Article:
Again, talking about a “wide and diversified range of assets” (even if it is preceded by the word “sufficiently”) detracts from the concept of minimum deterrence (or strict sufficiency as it is called in France). Nuclear weapon states have a hard task balancing national security with article VI—but surely they can do it less clumsily than this?

The above statement also raises other issues. Notably, what does “prevent” mean? Does it mean deter or coerce? The Cherbourg speech talked about using a nuclear weapon to signal French resolve (i.e. coercion). The language here is more vague.

In terms of practical steps, France has announced the following:

  • the nuclear ballistic submarine fleet will be equipped from 2010 onwards with the
    M51 intercontinental ballistic missile, deployed on our new-generation SSBNs;
  • the airborne component will be equipped from 2009 onwards with the ASMP A
    cruise missile, deployed on Mirage 2000 NK3 and Rafale aircraft, stationed in
    France and carrier-based. The number of nuclear-capable land-based aircraft will
    be reduced from 60 to 40;
  • the simulation programme, based notably on the corresponding facilities in the
    field of lasers (LMJ), X-ray analysis and supercalculators will ensure the reliability
    of our nuclear warheads;
  • the preservation of our national missile and submarine competencies, and the
    improvement on a 2025 horizon, of the range and accuracy of our missiles;
  • the overall modernisation of the support environment for our nuclear capabilities,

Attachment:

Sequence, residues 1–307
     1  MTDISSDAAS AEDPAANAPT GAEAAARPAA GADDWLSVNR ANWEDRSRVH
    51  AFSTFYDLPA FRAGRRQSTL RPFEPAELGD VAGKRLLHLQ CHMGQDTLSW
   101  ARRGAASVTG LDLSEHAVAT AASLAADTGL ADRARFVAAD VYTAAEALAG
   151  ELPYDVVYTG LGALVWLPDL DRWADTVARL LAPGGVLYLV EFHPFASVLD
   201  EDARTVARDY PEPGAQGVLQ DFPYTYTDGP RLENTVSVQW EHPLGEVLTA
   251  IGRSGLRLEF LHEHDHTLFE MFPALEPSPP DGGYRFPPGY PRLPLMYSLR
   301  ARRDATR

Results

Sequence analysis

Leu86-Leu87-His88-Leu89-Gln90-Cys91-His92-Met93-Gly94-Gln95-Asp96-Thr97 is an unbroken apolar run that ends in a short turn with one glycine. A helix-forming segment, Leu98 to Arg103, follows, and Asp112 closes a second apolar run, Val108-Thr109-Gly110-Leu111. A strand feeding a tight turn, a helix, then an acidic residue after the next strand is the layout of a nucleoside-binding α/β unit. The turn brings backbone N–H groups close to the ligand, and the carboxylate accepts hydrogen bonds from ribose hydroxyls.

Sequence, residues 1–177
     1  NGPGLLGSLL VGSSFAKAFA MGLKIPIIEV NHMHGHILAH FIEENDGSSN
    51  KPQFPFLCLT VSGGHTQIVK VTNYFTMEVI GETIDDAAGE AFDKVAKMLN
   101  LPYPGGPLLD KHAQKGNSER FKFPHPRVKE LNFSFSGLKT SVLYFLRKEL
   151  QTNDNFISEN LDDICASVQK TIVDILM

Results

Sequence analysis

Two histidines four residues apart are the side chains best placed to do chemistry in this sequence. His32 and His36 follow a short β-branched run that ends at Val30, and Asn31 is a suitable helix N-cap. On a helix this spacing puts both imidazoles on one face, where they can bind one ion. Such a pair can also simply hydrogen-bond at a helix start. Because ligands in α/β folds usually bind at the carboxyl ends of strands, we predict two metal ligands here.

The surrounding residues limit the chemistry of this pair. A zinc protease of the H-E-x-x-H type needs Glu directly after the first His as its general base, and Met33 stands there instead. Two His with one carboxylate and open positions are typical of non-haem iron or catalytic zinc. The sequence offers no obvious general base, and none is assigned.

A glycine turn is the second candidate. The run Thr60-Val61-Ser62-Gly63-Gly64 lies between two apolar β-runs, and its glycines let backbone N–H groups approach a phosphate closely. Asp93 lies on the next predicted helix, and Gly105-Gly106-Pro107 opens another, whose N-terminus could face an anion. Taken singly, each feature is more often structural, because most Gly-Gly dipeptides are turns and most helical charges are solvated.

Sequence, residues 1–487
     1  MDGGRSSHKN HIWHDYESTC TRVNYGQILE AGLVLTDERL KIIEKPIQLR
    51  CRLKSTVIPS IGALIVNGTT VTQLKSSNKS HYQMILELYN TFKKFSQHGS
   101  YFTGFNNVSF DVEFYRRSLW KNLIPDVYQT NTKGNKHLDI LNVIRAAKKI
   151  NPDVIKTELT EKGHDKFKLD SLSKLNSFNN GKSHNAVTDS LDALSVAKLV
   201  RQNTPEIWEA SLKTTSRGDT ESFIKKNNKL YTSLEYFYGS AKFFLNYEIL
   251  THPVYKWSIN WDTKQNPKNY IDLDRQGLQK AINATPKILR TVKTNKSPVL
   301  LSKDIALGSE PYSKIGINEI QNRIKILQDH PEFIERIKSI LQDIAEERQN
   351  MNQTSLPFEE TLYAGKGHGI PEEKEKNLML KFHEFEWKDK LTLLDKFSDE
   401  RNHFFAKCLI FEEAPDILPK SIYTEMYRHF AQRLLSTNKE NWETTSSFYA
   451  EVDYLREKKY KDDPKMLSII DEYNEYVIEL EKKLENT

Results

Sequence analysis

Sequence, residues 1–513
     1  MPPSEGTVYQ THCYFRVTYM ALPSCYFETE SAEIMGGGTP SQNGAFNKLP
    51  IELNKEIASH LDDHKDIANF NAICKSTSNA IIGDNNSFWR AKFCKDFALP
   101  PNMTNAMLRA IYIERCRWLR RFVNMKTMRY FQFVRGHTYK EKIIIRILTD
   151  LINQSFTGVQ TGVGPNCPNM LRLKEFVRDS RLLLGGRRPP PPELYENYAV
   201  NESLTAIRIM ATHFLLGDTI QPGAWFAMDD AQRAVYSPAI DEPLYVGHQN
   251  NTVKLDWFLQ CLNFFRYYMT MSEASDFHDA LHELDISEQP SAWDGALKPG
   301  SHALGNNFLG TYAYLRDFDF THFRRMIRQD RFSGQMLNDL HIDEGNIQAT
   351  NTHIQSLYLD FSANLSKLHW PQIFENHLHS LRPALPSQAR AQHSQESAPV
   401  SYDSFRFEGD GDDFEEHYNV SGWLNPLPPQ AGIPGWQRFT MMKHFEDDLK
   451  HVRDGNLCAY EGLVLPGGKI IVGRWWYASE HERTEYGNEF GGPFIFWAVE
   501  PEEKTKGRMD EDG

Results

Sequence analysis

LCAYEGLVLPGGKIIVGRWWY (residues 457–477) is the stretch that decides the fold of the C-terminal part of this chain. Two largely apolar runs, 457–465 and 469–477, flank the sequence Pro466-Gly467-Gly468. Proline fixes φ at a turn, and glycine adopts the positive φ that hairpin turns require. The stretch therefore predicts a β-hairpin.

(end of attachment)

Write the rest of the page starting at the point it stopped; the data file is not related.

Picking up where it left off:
notably in terms of communications.

Space and cyber threats are also highlighted in the Paper. France places a great emphasis on ballistic missile threats, announcing that “a ballistic missile detection and early-warning capability will be in place by 2020, preceded by an interim satellite system during the coming decade.”

In terms of cyber threats it says this:

Cyber-war is a major concern for which the White Paper develops a two-prong strategy: on the one hand, a new concept of cyber-defence, organised in depth and coordinated by a new Security of Information Systems Agency under the purview of the General Secretariat for Defence and National Security (SGDSN); on the other hand, the establishment of an offensive cyber-war capability, part of which will come under the Joint Staff and the other part will be developed within specialised services.

This statement surprised me a lot. I’m not in the least surprised that France is developing an offensive cyber-war capability; I am shocked it is being so transparent about it. But, then again, maybe that’s just my excruciatingly British cynicism.


  1. anon

    Le nouveau beaujolais est arrive…
    and already gives you a headache.

    I mean, the Elysee or the defense ministry definitively is in desperate need of someone with serious word processor and design capabilities; guess, the force de frappe eats it all up…

    But the graphics are really ridicule! If the choice of them (plus the technical skill of scanning and putting them into the document page) reflects French defense intellect, then bon nuit.

    The circle splitting Ireland, I conclude, is the sphere of influence towards the transatlantic while the stars indicate probably hotspots…